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The Living Dead Girl (1982)

La morte vivante (original title)
| Horror
A toxic spill revives a beautiful, dead heiress who, with the help of her childhood friend, must quench her insatiable thirst for blood.

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Writers:

(american version) (as Gregory Heller), (dialogue) | 3 more credits »
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Cast

Cast overview, first billed only:
Marina Pierro ...
Hélène
Françoise Blanchard ...
Catherine Valmont
Mike Marshall ...
Greg
Carina Barone ...
Barbara Simon
Fanny Magier ...
6th Victim (as Fanny Magieri)
Patricia Besnard-Rousseau
Véronique Pinson ...
(as Veronique Pinson)
Sandrine Morel ...
Teenage Catherine Valmont
Jean Cherlian ...
Second Burglar
Jean-Pierre Bouyxou ...
Burglar
Alain Petit ...
Third Burglar
Jacques Marbeuf
Sam Selsky ...
Old American Man In The House Of Catherine
Lise Overman
Laurence Royer
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Storyline

A toxic spill revives a beautiful, dead heiress who, with the help of her childhood friend, must quench her insatiable thirst for blood.

Plot Summary | Plot Synopsis

Genres:

Horror

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Also Known As:

The Living Dead Girl  »

Company Credits

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Technical Specs

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Color:

Aspect Ratio:

1.66 : 1
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Did You Know?

Trivia

There was an English version filmed with the same cast and crew, which was directed by Gregory Heller who would shoot his scene right after Jean Rollin. The English version has never been released and is now a lost film. See more »

Connections

Featured in La Morte Vivante: Music by Philippe D'Aram (2012) See more »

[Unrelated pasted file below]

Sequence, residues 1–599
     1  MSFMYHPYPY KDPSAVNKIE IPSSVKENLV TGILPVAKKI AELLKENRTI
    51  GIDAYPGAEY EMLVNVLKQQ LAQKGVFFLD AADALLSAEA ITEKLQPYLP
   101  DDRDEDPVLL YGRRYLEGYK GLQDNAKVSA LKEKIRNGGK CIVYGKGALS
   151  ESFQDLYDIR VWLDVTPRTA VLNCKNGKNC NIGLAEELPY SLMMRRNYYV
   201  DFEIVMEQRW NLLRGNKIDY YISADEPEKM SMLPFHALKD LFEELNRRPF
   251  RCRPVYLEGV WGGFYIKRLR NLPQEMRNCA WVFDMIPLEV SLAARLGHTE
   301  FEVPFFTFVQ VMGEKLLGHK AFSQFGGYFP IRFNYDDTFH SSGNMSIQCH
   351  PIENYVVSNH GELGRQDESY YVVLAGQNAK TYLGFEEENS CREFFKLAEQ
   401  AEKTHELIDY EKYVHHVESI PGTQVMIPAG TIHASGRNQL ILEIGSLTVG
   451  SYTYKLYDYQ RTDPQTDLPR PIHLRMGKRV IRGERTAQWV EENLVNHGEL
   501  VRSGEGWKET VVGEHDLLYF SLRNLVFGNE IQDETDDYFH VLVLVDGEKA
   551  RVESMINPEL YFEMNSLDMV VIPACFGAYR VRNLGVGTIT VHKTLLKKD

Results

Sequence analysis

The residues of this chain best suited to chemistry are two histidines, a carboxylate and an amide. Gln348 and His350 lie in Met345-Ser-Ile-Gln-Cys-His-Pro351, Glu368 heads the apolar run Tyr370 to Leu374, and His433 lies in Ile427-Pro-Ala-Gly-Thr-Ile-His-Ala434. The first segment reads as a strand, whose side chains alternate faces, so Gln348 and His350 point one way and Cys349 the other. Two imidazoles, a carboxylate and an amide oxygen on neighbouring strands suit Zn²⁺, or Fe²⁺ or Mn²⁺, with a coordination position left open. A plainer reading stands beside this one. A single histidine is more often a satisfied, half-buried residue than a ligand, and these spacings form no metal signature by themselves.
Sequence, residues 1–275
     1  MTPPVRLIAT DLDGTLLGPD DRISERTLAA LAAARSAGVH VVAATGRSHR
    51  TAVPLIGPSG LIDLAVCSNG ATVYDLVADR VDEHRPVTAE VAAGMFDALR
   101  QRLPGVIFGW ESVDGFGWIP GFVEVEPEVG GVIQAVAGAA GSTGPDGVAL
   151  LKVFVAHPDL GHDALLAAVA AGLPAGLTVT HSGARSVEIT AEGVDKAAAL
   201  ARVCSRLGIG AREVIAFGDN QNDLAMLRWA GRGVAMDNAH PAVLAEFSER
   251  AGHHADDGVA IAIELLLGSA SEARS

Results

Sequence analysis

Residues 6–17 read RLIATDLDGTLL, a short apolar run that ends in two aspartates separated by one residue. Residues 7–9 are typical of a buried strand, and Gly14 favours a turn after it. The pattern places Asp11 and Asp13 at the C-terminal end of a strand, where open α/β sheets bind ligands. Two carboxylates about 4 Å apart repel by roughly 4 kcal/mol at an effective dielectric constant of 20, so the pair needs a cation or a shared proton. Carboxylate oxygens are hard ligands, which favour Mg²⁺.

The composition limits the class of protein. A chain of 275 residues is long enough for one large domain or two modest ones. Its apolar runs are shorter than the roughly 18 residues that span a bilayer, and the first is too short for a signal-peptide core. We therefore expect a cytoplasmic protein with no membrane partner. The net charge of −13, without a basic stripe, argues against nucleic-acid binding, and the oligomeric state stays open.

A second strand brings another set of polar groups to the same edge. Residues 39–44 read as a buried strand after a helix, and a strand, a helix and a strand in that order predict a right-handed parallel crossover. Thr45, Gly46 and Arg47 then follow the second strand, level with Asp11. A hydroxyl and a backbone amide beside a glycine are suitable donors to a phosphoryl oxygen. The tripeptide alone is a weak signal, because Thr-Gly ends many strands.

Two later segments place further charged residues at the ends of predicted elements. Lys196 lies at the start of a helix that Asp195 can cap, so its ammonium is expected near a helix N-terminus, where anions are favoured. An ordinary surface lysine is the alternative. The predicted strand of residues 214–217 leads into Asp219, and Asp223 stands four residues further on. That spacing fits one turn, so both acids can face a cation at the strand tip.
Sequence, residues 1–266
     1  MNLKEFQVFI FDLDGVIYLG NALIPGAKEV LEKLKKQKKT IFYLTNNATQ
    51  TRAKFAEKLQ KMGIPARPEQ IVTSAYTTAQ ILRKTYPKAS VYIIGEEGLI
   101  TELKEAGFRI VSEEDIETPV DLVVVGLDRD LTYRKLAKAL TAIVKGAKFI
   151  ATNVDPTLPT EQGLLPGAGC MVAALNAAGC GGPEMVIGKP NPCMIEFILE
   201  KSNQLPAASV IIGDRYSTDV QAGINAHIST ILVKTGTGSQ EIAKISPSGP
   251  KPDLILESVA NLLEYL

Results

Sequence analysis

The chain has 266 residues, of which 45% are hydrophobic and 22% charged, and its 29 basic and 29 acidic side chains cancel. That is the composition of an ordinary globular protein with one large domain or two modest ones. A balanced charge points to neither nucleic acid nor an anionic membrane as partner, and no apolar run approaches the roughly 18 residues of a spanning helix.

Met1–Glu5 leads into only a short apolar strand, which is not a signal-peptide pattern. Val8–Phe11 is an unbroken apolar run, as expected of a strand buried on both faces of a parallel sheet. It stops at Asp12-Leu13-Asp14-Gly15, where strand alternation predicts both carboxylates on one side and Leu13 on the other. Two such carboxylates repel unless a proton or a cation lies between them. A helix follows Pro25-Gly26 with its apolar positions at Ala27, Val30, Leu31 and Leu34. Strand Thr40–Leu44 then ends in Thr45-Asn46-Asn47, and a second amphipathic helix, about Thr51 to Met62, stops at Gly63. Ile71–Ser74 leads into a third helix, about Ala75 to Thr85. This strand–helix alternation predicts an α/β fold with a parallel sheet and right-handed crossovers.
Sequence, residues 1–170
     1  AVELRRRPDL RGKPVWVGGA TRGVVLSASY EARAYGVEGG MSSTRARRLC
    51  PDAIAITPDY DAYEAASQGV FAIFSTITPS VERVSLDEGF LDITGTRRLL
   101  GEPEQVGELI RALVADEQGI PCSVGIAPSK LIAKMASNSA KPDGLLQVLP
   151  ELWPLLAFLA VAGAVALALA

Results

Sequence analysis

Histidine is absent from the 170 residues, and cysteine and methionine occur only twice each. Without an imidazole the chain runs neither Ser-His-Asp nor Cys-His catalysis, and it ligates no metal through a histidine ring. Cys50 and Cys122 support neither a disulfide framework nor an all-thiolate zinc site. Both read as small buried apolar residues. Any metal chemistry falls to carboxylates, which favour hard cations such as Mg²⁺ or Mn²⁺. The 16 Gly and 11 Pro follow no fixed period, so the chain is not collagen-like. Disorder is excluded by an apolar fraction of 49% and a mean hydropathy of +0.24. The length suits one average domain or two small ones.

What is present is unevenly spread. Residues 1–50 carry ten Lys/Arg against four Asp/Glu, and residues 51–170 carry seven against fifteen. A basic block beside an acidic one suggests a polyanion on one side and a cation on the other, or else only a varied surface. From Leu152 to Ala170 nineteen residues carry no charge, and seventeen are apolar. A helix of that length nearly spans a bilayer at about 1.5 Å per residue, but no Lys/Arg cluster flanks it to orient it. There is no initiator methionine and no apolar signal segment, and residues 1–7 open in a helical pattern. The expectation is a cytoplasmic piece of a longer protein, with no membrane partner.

Soundtracks

Dans la crypte
Written by Phillipe D'Aram
See more »

Frequently Asked Questions

See more (Spoiler Alert!) »

User Reviews

 
A Rollin film with lots of added gore
17 March 2013 | by (Edinburgh, Scotland, UK) – See all my reviews

This Jean Rollin feature is an erotic horror about a woman who returns from the dead due to an accident involving an earthquake and toxic chemicals. She is The Living Dead Girl and she has a vampire like taste for blood. She is drawn back to her 'blood sister' Helene, who in turn finds victims for her.

This is another melancholic and downbeat effort from Rollin. Once again his vampire is a tragic one. She did not choose her fate. She feels guilt at her subsequent actions and is repulsed by them. We feel sorry for her. The film is also about friendship and loyalty. The bond between the two girls is effectively a pact that goes beyond the grave. One of the defining features of The Living Dead Girl is its goriness. It is very bloody by Rollin's standards, so in this respect it may be a little more accessible to a wider horror audience. But then again, aside from this, it's strictly business as usual. There are the usual selection of paper thin characters, weak dialogue and low production values; while the story emphasises things that are atypical for a standard horror film, such as a melancholic 'monster' and some poetic imagery. Examples of the latter would include scenes of the girl wandering through fields in a white night dress and the night time river scene. As usual Rollin does ensure the film looks interesting. There are some nice French countryside locations and a picturesque villa. While the atmosphere is moody throughout, with some delicate musical accompaniment on the soundtrack. It is a little odd though having an American couple in the movie. This, no doubt was a way of trying to sell the film easier overseas. But like all other Rollin films these characters are uninteresting, Rollin seems to be only interested in his female vampires/villains. It isn't without faults; it does drag in places but like others from the director would probably improve on re-watches. The film does, however, wrap up in one of the most effectively haunting endings Rollin ever conceived.


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